In Defense of Cyber Schools

PA_Virtual_Grad_Kyra_Smith-CullenKyra Smith-Cullen is a PA Virtual graduate from the Class of 2011. She attended Lock Haven University to study Journalism and currently works as a copy editor for the Daily Item. In the following
article that was published in the Daily Item, Kyra shares and dispels some of the arguments that are made against cyber charter schools. Thank you Kyra for sharing your story!

“In Defense of Cyber Schools”
Kyra Smith-Cullen

On June 10, I watched my youngest sister, Dimitria, graduate in a ceremony similar to my own. The principal made the same joke. Names were drowned out by families’ cheers — and an air horn. And, like me, she had never met most of the people she was graduating with.

Dimitria was a member of the seventh class to graduate from the Pennsylvania Virtual Charter School, or PAVCS. Our older sister, Tajya, was in the first and I was in the third. My brother, Kade, was the only one of us to graduate from a brick-and-mortar school, though Dimitria spent her academic career bouncing between the two. Tajya and I were home-schooled before joining PAVCS.

In the 13 years between starting PAVCS and Dimitria graduating, I have heard practically every argument against cyber schools.

One of the loudest arguments was how cyber schools weren’t held to the same academic standards as brick-and-mortar schools. We were encouraged to succeed on our tests and had to have a certain score in order to graduate. I had my core courses — math, English, history and science — along with my co-curricular courses and a mandatory test preparation class every semester. At one point, PAVCS switched to a schedule that was more in line with college, so courses were changed after 18 weeks and we were expected to keep pace.

Our teachers are like any other in the state, with licenses and proper certification, and they did the best they could to help us succeed. They had dedicated office hours and were available by appointment for tutoring program. It was drilled into our heads that, because we were cyber-schooled and under criticism, it was even more important to do our best because people would doubt our schooling.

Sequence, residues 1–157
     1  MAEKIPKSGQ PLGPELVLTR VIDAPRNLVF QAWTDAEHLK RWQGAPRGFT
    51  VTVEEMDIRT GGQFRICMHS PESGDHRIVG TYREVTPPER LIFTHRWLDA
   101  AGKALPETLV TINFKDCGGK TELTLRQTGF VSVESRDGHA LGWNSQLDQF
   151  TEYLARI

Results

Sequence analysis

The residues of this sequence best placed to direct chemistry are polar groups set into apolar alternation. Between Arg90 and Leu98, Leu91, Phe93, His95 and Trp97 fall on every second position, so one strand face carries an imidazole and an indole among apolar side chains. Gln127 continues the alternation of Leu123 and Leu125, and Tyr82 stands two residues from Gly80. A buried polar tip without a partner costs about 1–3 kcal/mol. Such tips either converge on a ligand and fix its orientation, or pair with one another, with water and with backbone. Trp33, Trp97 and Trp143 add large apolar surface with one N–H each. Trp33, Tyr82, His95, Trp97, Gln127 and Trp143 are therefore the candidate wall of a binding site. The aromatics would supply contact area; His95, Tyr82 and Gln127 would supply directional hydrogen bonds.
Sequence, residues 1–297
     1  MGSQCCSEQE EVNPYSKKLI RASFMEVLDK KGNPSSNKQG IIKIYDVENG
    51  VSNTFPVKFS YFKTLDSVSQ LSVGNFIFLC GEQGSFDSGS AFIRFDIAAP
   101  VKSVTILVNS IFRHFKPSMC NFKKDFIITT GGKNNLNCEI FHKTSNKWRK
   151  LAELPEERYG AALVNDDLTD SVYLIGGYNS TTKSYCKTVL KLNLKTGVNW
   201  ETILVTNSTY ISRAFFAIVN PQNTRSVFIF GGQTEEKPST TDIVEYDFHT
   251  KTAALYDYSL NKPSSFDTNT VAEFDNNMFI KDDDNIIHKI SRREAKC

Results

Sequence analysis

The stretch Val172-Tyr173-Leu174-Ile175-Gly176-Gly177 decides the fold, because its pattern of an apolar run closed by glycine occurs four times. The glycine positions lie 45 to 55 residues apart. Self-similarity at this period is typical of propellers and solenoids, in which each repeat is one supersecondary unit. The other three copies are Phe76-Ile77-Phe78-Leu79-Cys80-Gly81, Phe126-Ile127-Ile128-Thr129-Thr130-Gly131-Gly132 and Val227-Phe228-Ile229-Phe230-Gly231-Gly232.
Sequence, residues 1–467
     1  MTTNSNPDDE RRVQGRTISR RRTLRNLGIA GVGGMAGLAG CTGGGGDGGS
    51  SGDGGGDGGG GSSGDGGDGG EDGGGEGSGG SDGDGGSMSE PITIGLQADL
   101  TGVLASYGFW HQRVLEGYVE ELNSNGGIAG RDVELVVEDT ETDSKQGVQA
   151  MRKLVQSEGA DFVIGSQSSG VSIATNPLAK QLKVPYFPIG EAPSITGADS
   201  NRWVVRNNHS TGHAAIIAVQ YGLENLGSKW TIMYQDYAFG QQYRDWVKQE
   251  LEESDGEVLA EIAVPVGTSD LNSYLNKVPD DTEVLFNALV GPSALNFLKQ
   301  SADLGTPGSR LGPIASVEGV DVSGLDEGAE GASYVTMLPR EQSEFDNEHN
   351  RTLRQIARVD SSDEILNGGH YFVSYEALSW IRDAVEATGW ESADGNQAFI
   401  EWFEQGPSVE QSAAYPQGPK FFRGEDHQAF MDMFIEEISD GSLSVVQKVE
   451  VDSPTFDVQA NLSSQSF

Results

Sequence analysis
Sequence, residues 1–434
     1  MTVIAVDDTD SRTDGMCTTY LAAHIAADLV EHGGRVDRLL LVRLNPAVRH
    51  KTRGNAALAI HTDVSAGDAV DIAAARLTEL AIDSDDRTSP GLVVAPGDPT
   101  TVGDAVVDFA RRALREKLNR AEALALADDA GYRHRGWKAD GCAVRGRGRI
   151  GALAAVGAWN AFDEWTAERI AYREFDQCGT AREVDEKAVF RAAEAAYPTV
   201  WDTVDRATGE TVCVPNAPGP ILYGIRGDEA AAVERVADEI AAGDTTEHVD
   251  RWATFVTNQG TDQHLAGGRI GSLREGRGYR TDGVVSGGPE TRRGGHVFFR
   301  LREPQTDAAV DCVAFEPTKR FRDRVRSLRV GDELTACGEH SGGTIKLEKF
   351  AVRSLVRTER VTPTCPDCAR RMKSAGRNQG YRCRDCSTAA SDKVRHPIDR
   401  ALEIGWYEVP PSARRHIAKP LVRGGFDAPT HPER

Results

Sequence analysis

At one point, I had a friend whose health issues forced her to consider alternative schools and her mother spoke to me about it. They’d gone to her school’s guidance counselor beforehand and mentioned they were considering cyber schools.

They were told that colleges didn’t consider cyber schools as valid high schools, the diploma wasn’t from an actual Pennsylvania school and it would make it difficult to have post-secondary education.

My classmates and I all graduated, received our very valid diplomas and moved on. They went to Cornell, Penn State, nursing schools or the military — and those are just among the people I talk to. Many of us who went to college were on the Dean’s List or graduated with honors.

I pride myself on my schooling. My grades were very important to me to through my entire academic career and I get slightly defensive when people suggest that, because I went to cyber school, things may have been easier for me. But the things I’ve achieved aren’t diminished by my education, they are supported by it. Tajya, Dimitria and I received a quality education at a cyber school and nothing will lessen that.

 

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